There is little doubt that the majority of Iranian people are unhappy with the dire social, political and economic situation inside Iran. Iranian are tired of the political restrictions, sanctions, and its economic fallout. They certainly do not want their country to remain in isolation or in constant propaganda war with the West. But even though they have a lot of grievances with the status quo, would the Iranian people embrace change by outside influence? Would they allow the western world (U.S. in particular) to be the instigator of change?
I find myself asking these questions after listening to the engaging
discussion that took place on Roqe, Episode #59.
On this episode, acclaimed author and academic, Dr. Mehrzad
Boroujerdi, and broadcaster and political analyst, Reza Goharzad
joined Jian in an informative chat amidst the confusing aftermath of the U.S. election. What I learned from their conversation was that, regardless of what Iranians inside Iran may want, the Iranian-American community is just as polarized as the rest of the American population about a prescription for change – a point that was made repeatedly on the show.
It may surprise some non-Iranians – given the Travel Ban, the
rhetoric, and bluster we have heard from the current administration –
that there is a healthy
contingent of Iranian-Americans who praise the current President, Donald Trump, for his hard-line stance against the Iranian regime. What is also true, is that a majority of others support Biden because they believe, for example, that the sanctions imposed by Trump only hurt the ordinary citizens of Iran and further entrench the regime.
Evidently, the US sanctions have had a deleterious effect on the Iran-
ian economy and have contributed to the sharp currency devaluation and high inflation. Iran has recently experienced record-breaking un- employment rates, as well as shortages of food and basic staples. This dire situation has only seemingly entrenched the polarization of the Iranian community.
Again, some Iranians believe that another four years with Trump in the White House would mean the continuation of his “maximum pressure” policy, which could further damage Iran’s economy and stop the country from exporting its crude oil. And of course all of this only hurts the Iranian middle-class and strengthens the hardliners.
For these folks, Biden’s election is a relief as they hope his presiden-
cy might avert the risks of a U.S.- Iran conflict, partially ease the sanctions, and improve the living condition of ordinary Iranians. This group even hopes for a renegotiation of the nuclear deal (JCPOA) and the possibility of future deals to boost Iran’s economy.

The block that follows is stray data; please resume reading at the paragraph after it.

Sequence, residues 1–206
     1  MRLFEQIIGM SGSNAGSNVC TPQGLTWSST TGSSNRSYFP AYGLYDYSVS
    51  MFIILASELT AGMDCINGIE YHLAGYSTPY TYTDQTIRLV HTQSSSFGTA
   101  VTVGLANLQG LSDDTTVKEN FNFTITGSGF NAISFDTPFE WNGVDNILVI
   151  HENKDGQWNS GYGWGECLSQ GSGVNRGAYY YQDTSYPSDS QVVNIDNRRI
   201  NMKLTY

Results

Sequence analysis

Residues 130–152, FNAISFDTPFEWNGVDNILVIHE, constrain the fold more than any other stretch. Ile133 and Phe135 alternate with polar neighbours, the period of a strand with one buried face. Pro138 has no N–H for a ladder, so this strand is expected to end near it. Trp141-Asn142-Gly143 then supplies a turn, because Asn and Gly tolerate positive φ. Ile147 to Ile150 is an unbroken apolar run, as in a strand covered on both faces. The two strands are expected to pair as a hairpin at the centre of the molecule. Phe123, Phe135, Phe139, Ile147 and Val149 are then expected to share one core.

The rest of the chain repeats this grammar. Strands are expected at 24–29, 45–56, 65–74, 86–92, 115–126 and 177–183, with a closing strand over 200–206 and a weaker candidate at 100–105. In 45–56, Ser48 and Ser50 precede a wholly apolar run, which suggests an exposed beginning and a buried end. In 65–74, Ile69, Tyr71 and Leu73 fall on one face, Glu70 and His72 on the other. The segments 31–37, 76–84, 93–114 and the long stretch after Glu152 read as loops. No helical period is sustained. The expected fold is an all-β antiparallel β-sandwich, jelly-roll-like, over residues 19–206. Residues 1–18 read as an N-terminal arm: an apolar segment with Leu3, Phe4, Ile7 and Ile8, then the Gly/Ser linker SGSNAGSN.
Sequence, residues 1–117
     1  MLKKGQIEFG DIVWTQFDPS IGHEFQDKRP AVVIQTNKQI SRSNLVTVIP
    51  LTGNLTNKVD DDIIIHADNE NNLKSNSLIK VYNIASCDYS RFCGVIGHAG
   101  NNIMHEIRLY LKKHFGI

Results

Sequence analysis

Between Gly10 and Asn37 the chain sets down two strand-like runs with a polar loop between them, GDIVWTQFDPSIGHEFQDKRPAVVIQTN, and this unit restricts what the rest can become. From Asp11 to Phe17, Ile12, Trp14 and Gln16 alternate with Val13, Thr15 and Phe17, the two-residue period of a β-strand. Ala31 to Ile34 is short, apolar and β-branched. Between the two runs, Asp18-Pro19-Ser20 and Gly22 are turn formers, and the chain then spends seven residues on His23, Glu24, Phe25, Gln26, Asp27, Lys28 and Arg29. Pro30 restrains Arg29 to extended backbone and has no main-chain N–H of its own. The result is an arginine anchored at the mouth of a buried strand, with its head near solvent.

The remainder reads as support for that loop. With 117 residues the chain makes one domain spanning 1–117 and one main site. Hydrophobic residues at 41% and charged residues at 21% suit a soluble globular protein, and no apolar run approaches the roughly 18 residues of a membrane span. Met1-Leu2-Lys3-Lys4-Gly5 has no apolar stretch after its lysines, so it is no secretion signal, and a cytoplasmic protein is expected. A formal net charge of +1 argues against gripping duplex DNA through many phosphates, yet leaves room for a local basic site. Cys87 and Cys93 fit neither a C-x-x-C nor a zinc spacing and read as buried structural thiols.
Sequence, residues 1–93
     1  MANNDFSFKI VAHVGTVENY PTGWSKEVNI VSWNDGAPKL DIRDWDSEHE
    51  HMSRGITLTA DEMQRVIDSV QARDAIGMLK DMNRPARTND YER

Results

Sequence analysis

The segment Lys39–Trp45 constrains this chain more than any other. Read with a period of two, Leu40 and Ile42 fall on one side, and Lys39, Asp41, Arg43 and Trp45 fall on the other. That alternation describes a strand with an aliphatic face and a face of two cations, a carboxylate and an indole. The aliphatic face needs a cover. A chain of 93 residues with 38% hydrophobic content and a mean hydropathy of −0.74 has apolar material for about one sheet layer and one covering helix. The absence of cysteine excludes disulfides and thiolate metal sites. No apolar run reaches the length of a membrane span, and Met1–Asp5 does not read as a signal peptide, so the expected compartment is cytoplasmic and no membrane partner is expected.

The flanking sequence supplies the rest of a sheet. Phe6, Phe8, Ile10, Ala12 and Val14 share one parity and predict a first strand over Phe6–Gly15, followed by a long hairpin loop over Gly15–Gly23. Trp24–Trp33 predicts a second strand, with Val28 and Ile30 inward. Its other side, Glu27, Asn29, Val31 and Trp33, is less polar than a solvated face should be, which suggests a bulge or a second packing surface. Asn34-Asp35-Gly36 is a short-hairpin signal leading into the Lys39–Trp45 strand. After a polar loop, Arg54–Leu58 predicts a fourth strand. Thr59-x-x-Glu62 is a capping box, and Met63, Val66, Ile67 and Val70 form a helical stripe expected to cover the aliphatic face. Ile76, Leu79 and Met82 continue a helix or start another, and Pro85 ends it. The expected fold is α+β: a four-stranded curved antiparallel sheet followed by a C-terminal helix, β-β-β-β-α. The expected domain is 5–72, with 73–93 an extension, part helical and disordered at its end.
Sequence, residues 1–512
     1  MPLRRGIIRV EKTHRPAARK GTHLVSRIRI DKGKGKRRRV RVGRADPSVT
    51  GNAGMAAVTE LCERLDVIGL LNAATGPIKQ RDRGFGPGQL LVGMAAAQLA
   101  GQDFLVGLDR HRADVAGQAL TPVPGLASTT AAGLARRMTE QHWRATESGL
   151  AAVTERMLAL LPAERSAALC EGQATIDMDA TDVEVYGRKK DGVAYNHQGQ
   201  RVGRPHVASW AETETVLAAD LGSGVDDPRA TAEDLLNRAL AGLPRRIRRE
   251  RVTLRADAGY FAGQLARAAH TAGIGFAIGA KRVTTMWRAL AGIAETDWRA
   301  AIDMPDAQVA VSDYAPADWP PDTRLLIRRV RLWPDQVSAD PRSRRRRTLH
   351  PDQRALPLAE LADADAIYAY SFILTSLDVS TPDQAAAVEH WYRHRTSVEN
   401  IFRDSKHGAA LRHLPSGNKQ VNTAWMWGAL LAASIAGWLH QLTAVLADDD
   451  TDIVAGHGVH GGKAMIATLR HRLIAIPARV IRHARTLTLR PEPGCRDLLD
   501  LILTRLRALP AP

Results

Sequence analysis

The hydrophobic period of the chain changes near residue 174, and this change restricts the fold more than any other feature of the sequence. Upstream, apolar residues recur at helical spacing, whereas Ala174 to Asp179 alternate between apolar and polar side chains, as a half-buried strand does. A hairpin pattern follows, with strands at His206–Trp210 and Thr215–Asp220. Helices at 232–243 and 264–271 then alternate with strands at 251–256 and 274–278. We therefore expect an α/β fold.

Some Iranian-American Trump supporters on the other hand, would like to see even more sanctions and pressure imposed on Iran. Their ratio-nale is that Trump’s strict policies push Iran into a deeper recession.
They believe that as the regime is economically suffocated, it will
project the pressure onto its own people for survival. An example of
this was when the Iranian government lifted the gasoline subsidies,
which lead to nation-wide protests in November of last year in Iran.
Trump supporters believe that these sporadic protests could poten-
tially lead to a nationwide uprising and that drastic measures from outside are the only way to achieve change inside Iran.
Having listened to both sides of the argument, I still cannot help but
wonder if the notion of a U.S.-influenced change is nothing but sheer fantasy. It is important to remember that Iran and U.S. have a long and complicated history, going back to the 1953 coup and later the 1979-1981 hostage crisis. Indeed, maybe Iranian politics is more complex than American policymakers fathom. And even though Iranians are hungry for more social and economic freedom than their leaders permit, they are nationalistic people and can clearly see evidence all around them that foreign-instigated change can come with catastrophic results.
And this brings me to my questions:
a) Do you believe that the Iranian people will ultimately be the win-
ners if there is a foreign-instigated regime change, especially if the U.S. is the main actor in making the change?;
b) Will the essence of U.S. foreign policy be any different with a new
administration, or is it more of a change in optics but pretty much be
the same old, same old?
Feel free to leave your thoughts and comments below…